One hundred and two years ago a process began to assemble a collection of parks and trails, including hundreds of heritage, historical and cultural sites. This treasury has become today’s Washington State Parks and Recreation agency, one of the oldest and most diverse state parks systems in the nation.
This publicly owned system contributes directly to the health and well being of the citizens of our state. And the more than 32 million annual park visitors contribute significantly to the $21.6 billion outdoor recreation economy in our state, which is especially important in rural areas.
Several years ago a decision was made to make this parks and recreation system fully self supporting. Tax support was dramatically reduced, and the first-ever Discover Pass system mandated. This policy shift was done without adequate advance planning, time and resources and revenue projections were grossly overstated. As a result overall funding levels fell dramatically.
While all parks were kept open it came at a price. Park-level customer services, education and interpretive programs, routine maintenance and safety resources have all suffered noticeably, and the systems overall deferred maintenance backlog has grown to nearly one-half-billion dollars. And while earned revenue has risen to historic levels, covering over 70 percent of current operations, we’ve learned that 100 percent self-sufficiency is not possible or desirable.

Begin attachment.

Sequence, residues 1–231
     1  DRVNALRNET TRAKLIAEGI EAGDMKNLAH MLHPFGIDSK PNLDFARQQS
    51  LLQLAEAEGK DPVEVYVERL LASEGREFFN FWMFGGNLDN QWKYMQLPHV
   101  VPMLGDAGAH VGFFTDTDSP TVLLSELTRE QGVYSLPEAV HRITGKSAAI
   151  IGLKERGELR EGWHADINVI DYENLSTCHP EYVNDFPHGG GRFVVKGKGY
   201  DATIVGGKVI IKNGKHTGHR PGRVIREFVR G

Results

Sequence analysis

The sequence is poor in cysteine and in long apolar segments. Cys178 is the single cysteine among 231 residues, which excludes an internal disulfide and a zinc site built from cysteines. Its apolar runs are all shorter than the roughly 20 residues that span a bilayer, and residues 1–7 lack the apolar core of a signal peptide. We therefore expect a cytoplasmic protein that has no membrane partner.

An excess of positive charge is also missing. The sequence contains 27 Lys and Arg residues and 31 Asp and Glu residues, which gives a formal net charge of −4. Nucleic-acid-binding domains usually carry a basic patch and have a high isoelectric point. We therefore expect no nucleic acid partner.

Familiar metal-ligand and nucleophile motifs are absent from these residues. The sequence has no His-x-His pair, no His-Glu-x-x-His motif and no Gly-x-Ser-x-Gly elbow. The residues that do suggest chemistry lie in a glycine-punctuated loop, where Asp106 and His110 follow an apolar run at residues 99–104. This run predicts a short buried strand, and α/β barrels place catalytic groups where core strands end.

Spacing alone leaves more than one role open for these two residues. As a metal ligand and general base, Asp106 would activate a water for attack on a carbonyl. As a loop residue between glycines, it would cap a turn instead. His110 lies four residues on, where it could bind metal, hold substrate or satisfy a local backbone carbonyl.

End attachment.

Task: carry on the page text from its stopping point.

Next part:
In fact not one state parks system in the nation operates without some level of general tax support. Not one! And the National Park System receives 90 percent of its operating revenue from general federal tax support.
Currently your state legislators are deciding on funding levels for State Parks for the next two-year period. The governor and the House budgets provide parks with $29 million in state general-fund support, enough to buy back some of the recent cuts, and as the governor said, move us past a period of “duct tape and bailing wire.”
The Senate budget provides $5 million and would result in further reductions in services and significant additional staff cuts. If you agree with me that the cuts of recent years have gone too far and that your park system deserves some general tax support just like other important state programs, then please contact your legislators and tell them no more cuts to State Parks and urge them to support our parks with adequate overall funding.
Mark O. Brown of Lacey is a member of the Washington State Parks and Recreation Commission.